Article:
Saudi Arabia has imposed a temporary ban on religious pilgrimage, known as Umrah, to historic Islamic shrines in Mecca and Medina over the coronavirus outbreak that has recently spread to the Middle East.
The oil-rich kingdom announced Wednesday that the restrictions were put in place to “provide the utmost protection” to those living in Saudi Arabia as well pilgrims and tourists willing to visit the country.
In a statement, the Saudi Foreign Ministry said that the government would suspend “entry to the kingdom for the purpose of Umrah” as well as for visiting The Prophet’s Mosque in Medina, the second holiest site in Islam after the Grand Mosque in Mecca.
Umrah is an Islamic pilgrimage to Mecca that can be undertaken at any time of the year as opposed to Ḥajj that should be attempted by every Muslim at least once a lifetime within a specific time of the year.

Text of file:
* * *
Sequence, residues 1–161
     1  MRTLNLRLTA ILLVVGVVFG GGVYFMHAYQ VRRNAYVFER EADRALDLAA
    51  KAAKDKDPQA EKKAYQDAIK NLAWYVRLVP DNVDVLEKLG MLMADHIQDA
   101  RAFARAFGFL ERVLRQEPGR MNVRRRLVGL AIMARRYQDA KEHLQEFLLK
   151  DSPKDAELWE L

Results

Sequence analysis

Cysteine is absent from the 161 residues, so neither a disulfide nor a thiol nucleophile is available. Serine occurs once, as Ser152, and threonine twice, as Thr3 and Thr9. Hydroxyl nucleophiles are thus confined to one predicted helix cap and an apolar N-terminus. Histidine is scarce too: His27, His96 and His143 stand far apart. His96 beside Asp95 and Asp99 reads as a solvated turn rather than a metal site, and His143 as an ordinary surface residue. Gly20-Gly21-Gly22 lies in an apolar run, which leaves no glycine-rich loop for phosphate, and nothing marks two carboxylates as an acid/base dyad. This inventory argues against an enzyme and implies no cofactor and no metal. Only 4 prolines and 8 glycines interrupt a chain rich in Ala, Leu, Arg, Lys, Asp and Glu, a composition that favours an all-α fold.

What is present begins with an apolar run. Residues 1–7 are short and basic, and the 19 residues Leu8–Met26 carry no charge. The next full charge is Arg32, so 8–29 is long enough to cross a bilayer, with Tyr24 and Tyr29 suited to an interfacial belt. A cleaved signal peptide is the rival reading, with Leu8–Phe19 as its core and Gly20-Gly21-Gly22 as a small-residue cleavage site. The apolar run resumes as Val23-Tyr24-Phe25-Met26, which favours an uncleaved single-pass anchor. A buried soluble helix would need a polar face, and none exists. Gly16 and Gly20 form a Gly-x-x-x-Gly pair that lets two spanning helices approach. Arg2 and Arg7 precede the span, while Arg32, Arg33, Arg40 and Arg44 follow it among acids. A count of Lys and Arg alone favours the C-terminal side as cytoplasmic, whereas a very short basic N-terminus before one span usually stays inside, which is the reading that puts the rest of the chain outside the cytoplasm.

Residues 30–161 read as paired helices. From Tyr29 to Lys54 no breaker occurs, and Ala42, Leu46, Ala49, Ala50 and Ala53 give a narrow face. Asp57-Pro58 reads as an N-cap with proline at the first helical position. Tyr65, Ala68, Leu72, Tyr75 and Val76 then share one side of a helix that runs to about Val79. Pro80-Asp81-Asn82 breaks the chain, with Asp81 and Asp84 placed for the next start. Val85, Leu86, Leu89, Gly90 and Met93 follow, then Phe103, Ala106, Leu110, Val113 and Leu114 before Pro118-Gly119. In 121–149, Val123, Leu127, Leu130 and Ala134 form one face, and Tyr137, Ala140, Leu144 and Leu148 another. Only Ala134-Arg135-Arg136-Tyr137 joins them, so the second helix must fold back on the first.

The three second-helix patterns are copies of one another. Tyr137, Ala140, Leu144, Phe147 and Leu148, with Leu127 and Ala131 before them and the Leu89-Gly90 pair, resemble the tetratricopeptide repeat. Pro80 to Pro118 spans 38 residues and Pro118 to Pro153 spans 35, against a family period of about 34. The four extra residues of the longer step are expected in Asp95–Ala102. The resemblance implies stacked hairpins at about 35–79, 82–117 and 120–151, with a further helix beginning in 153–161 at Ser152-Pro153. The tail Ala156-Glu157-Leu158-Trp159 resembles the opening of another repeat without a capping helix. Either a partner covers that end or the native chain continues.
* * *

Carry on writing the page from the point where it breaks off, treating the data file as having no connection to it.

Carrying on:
In addition to that, Riyadh suspended entry for anyone that has a valid tourist visa but hails from the countries that have been experiencing the COVID-19 outbreak.
Saudis and citizens of the five other nations that comprise The Gulf Cooperation Council (GCC) – Bahrain, Kuwait, Oman, Qatar and the United Arab Emirates – will be barred from using their national ID cards to either leave or arrive into the kingdom, the ministry said, noting that those Saudis citizens who want to return from abroad and GCC nationals who are now in Saudi Arabia but want to fly back to their respective home countries will be exempted from the ban.
It’s unclear when the restrictions would be lifted, with the ministry noting that the move is “temporary” and “is subject to a continuous evaluation by the competent authorities.”
Riyadh’s decision to partially shut its borders for pilgrims and citizens from the coronavirus-stricken countries comes as the virus has been taking hold in Europe and the Middle East. The highest number of coronavirus fatalities outside China have been reported in Iran, where 19 people dead, according to the country’s health ministry and another 139 have been infected.